THE M. VANDERCOOK.
which rests upon argument, and not upon evidence, the result was not such as was to be reasonably anticipated, and is to be ascribed to the imprudence and carelessness of the canal boat, rather than to any negligence of the steamer. One circumstance in. connection with the final release of the canal boat, seems to me to favor the defendant's theory that the canal boat sank upon the blade while loading; namely, that the blade was finally extricated by a little backward turn of the propeller, after other efforts were unavailing to separate the boat. Some time before this the strain on the hawsers had been stopped, and any list of the steamer to starboard must have been thereupon immediately righted. Had the contact with the propeller blade arisen solely from the lifting of the blade by the steamer's list to starboard, the blade would naturally have been at once drawn out from the canal boat's bottom the moment the steamer righted on an even keel, and this would have occurred as soon as the strain on the hawsers was stopped. The fact that the boat was not then released, points to the probability that the accident did not happen from any list by the steamer, and that the list, if any, was small. T must find, therefore, that no cause of action has been made out against the steamer, and that the libel should be dismissed with costs.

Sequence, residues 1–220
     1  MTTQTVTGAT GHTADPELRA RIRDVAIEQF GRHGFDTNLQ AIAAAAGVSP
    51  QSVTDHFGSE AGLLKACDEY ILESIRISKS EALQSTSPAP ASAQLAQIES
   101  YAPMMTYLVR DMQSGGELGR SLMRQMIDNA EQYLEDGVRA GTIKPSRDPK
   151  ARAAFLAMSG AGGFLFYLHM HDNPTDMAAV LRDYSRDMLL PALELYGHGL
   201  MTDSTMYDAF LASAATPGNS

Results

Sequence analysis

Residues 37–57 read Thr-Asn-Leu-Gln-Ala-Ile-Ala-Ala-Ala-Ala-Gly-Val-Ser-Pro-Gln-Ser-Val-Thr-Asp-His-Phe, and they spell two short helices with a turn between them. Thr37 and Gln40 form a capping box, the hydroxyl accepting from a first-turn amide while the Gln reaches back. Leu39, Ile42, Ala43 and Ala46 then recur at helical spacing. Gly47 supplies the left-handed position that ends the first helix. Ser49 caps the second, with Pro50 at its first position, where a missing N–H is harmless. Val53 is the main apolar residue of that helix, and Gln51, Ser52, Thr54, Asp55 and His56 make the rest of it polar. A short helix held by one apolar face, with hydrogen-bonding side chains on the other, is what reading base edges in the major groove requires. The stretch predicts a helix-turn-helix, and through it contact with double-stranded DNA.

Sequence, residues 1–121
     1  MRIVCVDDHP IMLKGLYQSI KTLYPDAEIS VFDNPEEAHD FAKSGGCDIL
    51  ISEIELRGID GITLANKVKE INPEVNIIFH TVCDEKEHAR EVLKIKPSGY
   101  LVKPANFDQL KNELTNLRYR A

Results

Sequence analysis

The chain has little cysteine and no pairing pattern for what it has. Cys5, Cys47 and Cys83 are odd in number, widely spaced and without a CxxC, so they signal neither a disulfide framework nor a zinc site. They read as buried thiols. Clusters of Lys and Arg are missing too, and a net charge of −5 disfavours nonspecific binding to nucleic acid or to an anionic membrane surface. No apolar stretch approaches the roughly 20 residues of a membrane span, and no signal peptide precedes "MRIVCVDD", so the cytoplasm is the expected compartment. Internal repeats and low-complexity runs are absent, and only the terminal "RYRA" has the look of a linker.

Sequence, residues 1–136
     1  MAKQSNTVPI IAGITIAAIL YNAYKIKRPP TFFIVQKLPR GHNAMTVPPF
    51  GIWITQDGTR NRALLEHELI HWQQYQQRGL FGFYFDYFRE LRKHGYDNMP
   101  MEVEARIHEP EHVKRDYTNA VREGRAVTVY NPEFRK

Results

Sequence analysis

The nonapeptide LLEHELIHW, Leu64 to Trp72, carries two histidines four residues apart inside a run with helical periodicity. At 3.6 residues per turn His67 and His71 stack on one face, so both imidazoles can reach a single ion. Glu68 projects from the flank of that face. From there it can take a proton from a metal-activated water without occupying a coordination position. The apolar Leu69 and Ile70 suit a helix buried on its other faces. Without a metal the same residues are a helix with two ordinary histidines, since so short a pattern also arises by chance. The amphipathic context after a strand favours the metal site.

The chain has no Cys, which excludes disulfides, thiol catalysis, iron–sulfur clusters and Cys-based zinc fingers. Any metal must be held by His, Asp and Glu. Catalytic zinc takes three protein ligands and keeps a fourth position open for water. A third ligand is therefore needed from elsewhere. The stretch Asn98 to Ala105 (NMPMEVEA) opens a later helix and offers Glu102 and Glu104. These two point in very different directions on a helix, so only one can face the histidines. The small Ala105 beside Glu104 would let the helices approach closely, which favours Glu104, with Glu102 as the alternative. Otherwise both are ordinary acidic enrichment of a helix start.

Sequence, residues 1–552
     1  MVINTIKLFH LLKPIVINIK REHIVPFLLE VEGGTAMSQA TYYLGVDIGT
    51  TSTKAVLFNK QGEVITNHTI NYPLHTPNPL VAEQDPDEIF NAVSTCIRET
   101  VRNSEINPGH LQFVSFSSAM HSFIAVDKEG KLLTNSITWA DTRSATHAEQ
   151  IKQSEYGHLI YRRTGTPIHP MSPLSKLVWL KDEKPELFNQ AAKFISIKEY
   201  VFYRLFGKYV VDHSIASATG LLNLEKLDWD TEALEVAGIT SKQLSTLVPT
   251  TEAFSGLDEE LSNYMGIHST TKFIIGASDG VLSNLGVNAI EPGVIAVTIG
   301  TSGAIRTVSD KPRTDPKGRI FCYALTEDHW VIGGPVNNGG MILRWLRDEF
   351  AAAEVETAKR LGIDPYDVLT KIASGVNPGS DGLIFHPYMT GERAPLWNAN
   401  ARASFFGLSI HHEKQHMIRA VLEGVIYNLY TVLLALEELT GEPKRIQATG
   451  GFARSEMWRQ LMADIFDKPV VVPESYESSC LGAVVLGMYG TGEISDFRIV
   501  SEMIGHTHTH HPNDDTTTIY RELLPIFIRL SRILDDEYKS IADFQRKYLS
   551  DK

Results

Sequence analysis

THE M. VANDERCOOK. (District Court, S. D. New York. March 25, 1898.)
COLLISION-AGREEMENT BY SIGNALS-CONTRARY NAVIGATION.
In crossing the North river upon converging courses, the tug Y., with a tow, and the ferry boat Plainfield agreed by signals of two whistles that the Y. should cross ahead of the P.; the V. maneuvered accordingly, but the P. came on without materially slackening speed, and collision followed. Held, that the P. was alone to blame for not navigating in accordance with the signals, and not giving the V. reasonable space to pass ahead.
These were two libels in rem brought respectively by Mary J. McCaffrey, as administratrix, etc., and by the Central Railroad of New Jersey, against the steam tug M. Vandercook, to recover damages caused by a collision. Cameron & Hill, for administratrix. Carpenter & Park, for The Vandercook. James J. Macklin, for The Plainfield. BROWN, District Judge. About 6 p. m. on the 14th of July, 1896, the libelant's canal boat Daniel McCaffrey in tow of the tug M. Vandercook and on her starboard side, while crossing the North river in the ebb tide from Morris street, Jersey City, bound up the East river, came in collision with the ferry boat Plainfield, bound from the Communipaw Ferry to Liberty street, New York. The starboard bow of the canal boat projected ahead of the tug, struck the ferry boat on her port side a little forwarl of her paddle wheels, and was